In the year between June 2008 and June 2009, members of Generation X received 15% fewer health insurance direct mail pieces from insurance companies than Baby Boomers in the same period. Members of Generation Y received 25% fewer health insurance solicitations. A similar trend holds true for life insurance: Generation X and Generation Y received 17% and 23% fewer mailings, respectively, than Baby Boomers.
As they get older however, members of Generation X, in particular -- many of whom are in their 30s and 40s -- are starting to see the value of insurance, and are interested in the product. According to Mintel, 63% of Generation Xers agreed with this statement: "It is important to be well-insured when it comes to life insurance." (By comparison, only 58% of the general population agreed with the statement.)
Furthermore, Gen Xers are less likely than the general population to own non-employer-based life or health insurance, although 23% said they intended to purchase life-insurance and 17% said they would buy health insurance "in the near future."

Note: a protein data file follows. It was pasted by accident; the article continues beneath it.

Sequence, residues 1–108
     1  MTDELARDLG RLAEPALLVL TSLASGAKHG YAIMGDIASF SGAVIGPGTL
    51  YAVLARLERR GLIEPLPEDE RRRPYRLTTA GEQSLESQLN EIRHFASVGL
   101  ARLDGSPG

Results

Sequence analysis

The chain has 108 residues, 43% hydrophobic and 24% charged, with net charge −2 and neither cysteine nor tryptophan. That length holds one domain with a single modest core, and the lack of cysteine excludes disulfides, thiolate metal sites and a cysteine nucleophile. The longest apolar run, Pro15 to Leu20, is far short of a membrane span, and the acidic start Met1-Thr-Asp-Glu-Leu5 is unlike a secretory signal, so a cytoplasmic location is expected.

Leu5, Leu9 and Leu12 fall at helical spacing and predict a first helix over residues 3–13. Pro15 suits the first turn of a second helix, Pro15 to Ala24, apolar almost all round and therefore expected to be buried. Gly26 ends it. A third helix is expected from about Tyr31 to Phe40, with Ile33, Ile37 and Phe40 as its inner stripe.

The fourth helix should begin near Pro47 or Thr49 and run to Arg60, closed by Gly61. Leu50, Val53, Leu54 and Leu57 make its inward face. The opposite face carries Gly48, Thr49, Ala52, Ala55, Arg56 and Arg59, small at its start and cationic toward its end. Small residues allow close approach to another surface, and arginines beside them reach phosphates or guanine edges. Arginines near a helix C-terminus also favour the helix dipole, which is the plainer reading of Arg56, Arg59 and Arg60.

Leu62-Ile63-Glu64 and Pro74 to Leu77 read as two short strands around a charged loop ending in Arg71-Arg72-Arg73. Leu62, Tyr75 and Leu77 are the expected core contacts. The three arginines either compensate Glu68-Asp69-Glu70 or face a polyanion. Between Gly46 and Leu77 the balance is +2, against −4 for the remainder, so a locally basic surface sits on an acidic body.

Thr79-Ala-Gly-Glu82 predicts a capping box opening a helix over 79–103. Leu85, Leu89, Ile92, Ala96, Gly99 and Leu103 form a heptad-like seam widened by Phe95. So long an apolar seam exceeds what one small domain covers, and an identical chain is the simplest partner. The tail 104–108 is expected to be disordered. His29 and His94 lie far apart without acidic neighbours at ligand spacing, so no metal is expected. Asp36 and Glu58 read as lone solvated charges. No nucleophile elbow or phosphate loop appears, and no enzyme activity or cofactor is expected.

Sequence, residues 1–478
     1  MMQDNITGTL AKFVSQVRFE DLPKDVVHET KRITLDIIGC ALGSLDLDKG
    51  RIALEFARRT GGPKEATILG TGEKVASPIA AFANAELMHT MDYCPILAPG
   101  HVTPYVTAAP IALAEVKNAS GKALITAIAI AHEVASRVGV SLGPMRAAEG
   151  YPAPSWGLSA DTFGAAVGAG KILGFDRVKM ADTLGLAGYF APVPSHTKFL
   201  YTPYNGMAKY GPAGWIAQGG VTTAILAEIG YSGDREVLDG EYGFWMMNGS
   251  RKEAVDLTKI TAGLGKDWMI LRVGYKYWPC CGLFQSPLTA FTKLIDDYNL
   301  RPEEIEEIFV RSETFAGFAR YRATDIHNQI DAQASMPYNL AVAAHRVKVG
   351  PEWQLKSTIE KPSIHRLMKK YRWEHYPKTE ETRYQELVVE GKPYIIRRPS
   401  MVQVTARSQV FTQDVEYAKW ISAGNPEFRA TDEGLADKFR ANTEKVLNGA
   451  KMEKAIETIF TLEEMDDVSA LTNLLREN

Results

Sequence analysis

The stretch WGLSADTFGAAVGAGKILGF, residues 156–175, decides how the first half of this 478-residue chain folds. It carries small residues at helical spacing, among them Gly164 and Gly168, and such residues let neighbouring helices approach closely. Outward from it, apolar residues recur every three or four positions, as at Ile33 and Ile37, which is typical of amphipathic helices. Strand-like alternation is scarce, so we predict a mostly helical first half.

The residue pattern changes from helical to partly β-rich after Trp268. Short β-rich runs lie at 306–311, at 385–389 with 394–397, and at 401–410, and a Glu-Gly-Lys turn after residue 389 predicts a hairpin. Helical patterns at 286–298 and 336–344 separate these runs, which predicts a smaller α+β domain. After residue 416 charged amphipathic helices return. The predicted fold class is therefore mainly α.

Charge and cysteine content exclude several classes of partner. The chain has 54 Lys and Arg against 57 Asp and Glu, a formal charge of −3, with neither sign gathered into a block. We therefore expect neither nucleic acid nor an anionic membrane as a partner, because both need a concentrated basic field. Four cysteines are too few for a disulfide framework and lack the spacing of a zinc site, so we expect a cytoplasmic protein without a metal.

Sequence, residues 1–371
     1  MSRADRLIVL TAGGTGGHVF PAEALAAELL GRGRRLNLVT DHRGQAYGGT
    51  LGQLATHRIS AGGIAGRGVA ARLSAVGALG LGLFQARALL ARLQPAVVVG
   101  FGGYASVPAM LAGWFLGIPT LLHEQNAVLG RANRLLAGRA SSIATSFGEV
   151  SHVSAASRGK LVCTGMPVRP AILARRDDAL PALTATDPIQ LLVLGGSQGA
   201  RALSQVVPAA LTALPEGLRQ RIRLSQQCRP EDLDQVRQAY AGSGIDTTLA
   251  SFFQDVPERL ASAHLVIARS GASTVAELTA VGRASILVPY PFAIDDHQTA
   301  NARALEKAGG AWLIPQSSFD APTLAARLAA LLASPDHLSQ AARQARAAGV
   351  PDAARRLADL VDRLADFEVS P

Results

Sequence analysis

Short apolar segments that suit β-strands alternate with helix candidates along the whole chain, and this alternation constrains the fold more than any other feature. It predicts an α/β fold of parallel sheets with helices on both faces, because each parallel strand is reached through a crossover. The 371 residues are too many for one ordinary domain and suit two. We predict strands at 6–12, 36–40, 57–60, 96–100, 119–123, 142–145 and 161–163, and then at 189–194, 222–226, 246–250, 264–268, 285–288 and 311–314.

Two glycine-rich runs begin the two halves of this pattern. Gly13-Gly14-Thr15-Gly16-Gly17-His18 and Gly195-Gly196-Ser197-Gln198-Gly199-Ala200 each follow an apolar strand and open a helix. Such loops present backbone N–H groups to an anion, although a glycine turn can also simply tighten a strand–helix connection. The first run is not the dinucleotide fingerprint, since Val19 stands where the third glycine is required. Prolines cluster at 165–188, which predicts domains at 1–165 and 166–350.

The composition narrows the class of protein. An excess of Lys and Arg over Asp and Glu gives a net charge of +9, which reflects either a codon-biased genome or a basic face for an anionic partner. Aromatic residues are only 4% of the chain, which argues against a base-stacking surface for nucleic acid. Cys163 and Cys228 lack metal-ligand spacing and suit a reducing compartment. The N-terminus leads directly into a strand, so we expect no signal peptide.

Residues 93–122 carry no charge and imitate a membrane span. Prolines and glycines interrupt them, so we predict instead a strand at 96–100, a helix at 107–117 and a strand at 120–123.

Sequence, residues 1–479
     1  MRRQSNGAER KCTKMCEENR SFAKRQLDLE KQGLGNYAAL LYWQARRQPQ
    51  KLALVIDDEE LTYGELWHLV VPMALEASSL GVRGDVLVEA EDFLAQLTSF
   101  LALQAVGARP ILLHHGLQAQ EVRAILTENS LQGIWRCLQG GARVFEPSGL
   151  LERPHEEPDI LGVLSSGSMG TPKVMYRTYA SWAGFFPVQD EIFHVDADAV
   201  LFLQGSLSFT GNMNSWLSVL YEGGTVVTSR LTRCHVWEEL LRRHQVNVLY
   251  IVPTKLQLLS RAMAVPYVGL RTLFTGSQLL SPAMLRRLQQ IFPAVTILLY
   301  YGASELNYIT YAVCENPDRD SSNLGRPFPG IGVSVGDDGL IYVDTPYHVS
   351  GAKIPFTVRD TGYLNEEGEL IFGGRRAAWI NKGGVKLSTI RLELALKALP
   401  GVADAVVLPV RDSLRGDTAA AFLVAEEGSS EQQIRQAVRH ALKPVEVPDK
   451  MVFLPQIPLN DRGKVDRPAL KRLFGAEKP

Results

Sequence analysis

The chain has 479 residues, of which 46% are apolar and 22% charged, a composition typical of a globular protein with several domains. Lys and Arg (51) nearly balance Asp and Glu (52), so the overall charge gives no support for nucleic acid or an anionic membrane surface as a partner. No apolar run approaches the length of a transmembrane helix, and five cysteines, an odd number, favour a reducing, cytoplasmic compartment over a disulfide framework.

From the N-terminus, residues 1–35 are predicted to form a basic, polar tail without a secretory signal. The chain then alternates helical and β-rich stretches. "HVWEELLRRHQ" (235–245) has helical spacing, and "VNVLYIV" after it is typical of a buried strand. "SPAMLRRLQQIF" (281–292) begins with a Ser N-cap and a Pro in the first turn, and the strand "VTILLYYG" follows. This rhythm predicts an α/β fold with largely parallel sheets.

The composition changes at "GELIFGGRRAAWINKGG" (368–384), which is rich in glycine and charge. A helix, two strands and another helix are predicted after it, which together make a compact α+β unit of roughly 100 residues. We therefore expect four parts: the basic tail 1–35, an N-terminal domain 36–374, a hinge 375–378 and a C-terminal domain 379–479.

Generation Xers are also 72% more likely to say they are saving for a child's education, and 53% say they expect to be the primary caregiver for an aging parent or relative, according to Mintel.
"Generation X is under-served and over-interested in life and health insurance, making them the perfect target market," said Daniel Hayes, vice president of insurance services at Mintel, in a statement.
"Because Gen Xers are concerned about providing for both young children and aging parents, adequate insurance coverage is extremely important. They want to keep themselves and their dependents healthy, but they also need to know their families will be provided for if they aren't around."